Those little blocks of data, known as QR (quick response) codes, might not be very popular here in the States, but they have taken off in Asia and remain a popular way for individuals to interact and share information. According to a China QR Code Market Study by Kleiner Perkins in 2013, China is now seeing 9 million QR codes in asia scanned every month for various purposes, from using them to pay for goods, to exchanging contact information, to redeeming promotions and coupons. It is a convenient resource to condense a lot of information into one little square and this is can be a clever way to engage the large smartphone-owning population in Asia. What are some unique ways in which QR codes are being utilized in Asia?
1) “Call up” the deceased
A cemetery in Shenyang, China, is proposing plans to incorporate QR codes on graves as an additional services that relatives can purchase. By scanning this code with a mobile device, the obituaries of the deceased will pop up and they can find out about that person’s life. More than 10 people have already applied for the service, as they find that this is a convenient way to share their loved ones’ stories.
2) Pay your bills
App usage in Thailand increased from 40 percent in 2012 to 57 percent in 2013, and companies have taken advantage of this noticeable leap by making their applications more efficient and allowing more tasks to be done through the smartphone. Thailand’s Metropolitan Electricity Authority recently launched an application that can generate a QR code or a barcode for users to show at a 7-11 convenience store counter to pay the utility bill quickly and conveniently!
3) Scan QR codes for rewards
Phewtick, a startup in Tokyo, Japan, wants people to interact with each other by scanning his or her QR code through the app. The more people you meet, the more QR codes you have scanned, and the more points you earn towards cash rewards. The app currently has 600,000 registered users and is hoping to encourage people to get into the habit of scanning QR codes in asia. This could be a great way for merchants and brands to get their name out, once this habit is more ingrained in smartphone pop culture.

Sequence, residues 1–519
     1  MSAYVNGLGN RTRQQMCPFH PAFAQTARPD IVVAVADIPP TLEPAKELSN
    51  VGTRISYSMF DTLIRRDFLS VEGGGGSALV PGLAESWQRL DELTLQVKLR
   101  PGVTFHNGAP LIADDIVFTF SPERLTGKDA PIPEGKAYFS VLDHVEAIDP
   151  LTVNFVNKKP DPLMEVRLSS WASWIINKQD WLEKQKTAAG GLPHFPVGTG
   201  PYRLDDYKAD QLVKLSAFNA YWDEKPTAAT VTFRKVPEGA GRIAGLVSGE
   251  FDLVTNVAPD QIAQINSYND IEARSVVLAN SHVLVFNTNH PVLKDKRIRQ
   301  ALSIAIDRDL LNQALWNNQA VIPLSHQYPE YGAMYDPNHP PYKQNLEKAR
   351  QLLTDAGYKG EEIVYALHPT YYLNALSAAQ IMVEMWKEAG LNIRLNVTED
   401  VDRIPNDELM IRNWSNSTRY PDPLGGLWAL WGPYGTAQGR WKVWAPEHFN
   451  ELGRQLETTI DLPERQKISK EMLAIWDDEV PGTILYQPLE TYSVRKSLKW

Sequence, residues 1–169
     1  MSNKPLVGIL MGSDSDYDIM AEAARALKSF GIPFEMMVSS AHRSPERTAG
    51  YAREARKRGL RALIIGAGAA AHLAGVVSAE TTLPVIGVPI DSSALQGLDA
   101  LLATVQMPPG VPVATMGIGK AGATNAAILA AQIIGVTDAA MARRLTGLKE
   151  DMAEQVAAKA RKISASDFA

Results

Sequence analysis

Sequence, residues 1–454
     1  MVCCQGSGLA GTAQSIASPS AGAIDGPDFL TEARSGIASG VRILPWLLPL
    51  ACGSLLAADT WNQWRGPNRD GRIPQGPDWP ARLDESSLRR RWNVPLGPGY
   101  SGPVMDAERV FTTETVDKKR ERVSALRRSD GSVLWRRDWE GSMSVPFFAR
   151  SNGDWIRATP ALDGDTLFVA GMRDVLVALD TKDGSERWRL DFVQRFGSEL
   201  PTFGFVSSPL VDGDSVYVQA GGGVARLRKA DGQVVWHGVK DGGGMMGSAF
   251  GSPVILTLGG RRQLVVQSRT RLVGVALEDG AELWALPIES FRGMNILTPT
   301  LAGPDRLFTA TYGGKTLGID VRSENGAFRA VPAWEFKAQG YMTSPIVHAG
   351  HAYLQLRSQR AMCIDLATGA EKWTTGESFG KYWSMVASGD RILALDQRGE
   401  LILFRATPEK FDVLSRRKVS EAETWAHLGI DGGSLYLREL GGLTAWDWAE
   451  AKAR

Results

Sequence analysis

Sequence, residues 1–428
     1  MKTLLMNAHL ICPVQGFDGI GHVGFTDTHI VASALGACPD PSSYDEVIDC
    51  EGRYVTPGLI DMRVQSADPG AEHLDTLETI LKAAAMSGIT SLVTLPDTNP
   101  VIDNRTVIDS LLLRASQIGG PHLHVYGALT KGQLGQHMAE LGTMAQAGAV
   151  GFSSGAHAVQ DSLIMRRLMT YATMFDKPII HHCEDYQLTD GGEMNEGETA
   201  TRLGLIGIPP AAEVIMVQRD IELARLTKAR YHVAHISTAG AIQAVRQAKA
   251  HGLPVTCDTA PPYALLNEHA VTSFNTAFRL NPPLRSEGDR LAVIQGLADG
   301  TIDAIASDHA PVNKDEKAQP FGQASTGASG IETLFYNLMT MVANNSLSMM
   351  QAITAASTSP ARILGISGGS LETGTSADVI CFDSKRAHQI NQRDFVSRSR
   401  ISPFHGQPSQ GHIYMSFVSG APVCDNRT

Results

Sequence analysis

4) Go grocery shopping
Instead of going to a supermarket after work, why not shop in a virtual grocery store? Tesco, which renamed itself to Homeplus in South Korea, has created virtual stores to help busy individuals with their shopping. These virtual stores can be found in high human traffic areas, like the subway, which can help to increase efficiency and make the most of the time spent waiting for the subway! The goods are marked with QR codes, and after scanning and purchasing the items, the items will be delivered right to the user’s doorsteps.
5) Create your custom QR Code
Want to get started? MavSocial allows users to create and customize their own QR code within the platform. These codes can then be shared in a variety of ways. Happy QR coding!